It takes a hell of a good reason to limit the First Amendment.
Flickr via Philip Leara Protesting outside the Cathedral Basilica? A federal court says the First Amendment has your back.
Flexible and elegant, its provisions uphold the rights of people praying to their preferred God in their preferred house of worship, while at the same time ensuring that a pack of blasphemers can picket on the sidewalk outside.
These broad powers of free speech work well most of the time, which is why regulating the First Amendment, as former Missouri GOP Representative Rob Meyer tried to do in 2012, can turn out to be very tricky business. Signed into the law at the time by Governor Jay Nixon, Meyer's House of Worship Protection Act criminalized "using profane discourse, rude or indecent behavior...as to disturb the order and solemnity of the worship services."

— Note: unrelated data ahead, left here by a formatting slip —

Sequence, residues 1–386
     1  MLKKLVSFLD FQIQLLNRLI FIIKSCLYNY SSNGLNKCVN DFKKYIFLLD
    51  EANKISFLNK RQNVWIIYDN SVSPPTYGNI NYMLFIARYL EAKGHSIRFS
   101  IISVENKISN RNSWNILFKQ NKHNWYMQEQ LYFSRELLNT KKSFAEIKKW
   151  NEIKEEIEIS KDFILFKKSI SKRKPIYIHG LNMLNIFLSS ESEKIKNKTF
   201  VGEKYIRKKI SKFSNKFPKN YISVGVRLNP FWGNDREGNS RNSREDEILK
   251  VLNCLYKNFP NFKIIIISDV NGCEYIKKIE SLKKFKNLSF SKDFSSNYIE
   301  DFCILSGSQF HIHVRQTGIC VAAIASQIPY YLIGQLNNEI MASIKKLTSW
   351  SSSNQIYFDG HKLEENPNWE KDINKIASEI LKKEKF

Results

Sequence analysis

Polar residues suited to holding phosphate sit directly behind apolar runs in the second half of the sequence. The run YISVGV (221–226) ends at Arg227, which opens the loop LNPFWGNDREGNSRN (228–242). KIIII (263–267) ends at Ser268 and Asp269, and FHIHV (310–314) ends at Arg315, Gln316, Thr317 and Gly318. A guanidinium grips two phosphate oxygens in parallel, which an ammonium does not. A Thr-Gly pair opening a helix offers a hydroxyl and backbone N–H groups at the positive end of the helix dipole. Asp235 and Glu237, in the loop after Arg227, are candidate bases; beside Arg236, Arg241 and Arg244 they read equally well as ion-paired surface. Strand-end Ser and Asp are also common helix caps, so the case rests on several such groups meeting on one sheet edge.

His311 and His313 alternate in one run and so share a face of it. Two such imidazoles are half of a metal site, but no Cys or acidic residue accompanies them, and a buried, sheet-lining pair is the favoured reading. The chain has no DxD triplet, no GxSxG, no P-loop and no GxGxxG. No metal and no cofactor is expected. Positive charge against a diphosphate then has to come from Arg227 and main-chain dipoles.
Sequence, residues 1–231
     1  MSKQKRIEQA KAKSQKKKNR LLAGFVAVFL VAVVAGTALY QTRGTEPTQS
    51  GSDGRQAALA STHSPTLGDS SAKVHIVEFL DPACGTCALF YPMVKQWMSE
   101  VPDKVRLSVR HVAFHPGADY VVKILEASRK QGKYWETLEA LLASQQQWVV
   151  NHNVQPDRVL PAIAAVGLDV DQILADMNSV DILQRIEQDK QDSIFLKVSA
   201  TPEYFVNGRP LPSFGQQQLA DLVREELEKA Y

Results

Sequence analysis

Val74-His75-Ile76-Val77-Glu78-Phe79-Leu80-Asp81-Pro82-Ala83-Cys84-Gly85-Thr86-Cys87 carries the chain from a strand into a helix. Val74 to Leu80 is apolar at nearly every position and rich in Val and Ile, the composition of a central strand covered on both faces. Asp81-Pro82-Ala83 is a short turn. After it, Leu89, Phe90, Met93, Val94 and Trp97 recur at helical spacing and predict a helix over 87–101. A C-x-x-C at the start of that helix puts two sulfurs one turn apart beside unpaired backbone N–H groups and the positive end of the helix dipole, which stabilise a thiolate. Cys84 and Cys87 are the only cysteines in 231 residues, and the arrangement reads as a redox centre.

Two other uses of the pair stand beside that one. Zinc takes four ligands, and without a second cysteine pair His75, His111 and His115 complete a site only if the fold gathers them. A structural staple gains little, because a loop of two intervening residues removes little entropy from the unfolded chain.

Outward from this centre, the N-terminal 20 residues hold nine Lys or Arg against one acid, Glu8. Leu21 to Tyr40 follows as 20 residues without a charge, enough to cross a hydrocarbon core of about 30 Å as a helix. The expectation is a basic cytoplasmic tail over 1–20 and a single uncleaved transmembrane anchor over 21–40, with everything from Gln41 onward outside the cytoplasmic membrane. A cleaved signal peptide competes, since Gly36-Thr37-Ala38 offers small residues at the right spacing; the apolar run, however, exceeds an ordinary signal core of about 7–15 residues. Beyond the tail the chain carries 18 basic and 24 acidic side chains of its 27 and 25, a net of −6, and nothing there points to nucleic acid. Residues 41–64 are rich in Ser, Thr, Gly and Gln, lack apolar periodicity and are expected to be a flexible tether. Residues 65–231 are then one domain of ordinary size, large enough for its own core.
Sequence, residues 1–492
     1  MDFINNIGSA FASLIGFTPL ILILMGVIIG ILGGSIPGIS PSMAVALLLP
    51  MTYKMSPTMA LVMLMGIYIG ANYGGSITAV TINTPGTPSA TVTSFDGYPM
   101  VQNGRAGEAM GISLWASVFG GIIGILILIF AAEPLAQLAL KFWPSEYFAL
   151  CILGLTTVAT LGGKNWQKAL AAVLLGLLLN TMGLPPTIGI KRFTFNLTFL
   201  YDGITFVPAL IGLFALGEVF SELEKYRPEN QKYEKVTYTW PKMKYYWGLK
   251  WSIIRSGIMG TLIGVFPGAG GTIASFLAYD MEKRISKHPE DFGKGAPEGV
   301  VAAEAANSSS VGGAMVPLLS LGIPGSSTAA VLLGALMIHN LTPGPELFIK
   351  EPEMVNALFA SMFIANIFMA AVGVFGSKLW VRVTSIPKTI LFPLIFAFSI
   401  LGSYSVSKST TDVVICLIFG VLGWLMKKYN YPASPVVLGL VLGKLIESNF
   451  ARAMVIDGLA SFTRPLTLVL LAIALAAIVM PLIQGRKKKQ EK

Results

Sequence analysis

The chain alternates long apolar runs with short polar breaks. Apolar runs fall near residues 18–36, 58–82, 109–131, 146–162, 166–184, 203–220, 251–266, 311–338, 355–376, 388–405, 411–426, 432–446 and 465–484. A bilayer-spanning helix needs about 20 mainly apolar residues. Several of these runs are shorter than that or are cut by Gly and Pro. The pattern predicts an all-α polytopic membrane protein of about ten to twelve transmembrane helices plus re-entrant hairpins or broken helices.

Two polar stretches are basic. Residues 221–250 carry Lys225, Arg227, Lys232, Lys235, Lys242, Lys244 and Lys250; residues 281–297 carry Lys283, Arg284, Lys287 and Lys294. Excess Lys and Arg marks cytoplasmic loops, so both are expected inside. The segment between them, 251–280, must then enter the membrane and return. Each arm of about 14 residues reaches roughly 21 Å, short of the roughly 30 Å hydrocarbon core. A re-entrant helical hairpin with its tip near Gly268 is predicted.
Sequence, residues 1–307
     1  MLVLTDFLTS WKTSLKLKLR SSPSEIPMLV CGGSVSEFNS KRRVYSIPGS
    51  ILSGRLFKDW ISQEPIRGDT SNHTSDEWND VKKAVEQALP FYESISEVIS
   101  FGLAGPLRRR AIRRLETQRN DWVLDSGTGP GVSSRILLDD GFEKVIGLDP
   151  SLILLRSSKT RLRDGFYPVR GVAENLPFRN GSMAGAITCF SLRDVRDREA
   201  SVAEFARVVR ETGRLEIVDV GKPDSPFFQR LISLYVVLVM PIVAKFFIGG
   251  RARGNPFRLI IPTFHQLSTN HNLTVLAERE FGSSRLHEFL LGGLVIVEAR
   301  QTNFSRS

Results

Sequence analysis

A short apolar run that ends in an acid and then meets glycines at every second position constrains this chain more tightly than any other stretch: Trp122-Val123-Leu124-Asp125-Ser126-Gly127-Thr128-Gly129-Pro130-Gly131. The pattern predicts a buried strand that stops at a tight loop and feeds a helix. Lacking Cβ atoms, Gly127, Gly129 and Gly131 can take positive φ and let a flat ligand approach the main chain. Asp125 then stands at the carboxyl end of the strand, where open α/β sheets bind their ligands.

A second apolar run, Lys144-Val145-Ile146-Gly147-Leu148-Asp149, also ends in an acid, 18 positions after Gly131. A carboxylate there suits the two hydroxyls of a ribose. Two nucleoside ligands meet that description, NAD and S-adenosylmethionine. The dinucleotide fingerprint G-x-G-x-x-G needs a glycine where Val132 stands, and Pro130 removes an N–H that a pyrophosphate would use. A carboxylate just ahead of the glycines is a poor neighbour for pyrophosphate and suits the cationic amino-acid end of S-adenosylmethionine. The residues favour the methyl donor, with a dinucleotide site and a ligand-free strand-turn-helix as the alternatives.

On Monday, the U.S. Court of Appeals for the Eighth Circuit ruled that the law is too vague, too broad and too subjective -- basically, it conflicts with the First Amendment. The decision follows legal challenges from ACLU of Missouri and SNAP, the St. Louis-based Survivors Network of those Abused by Priests, a group that regularly protests outside churches.More »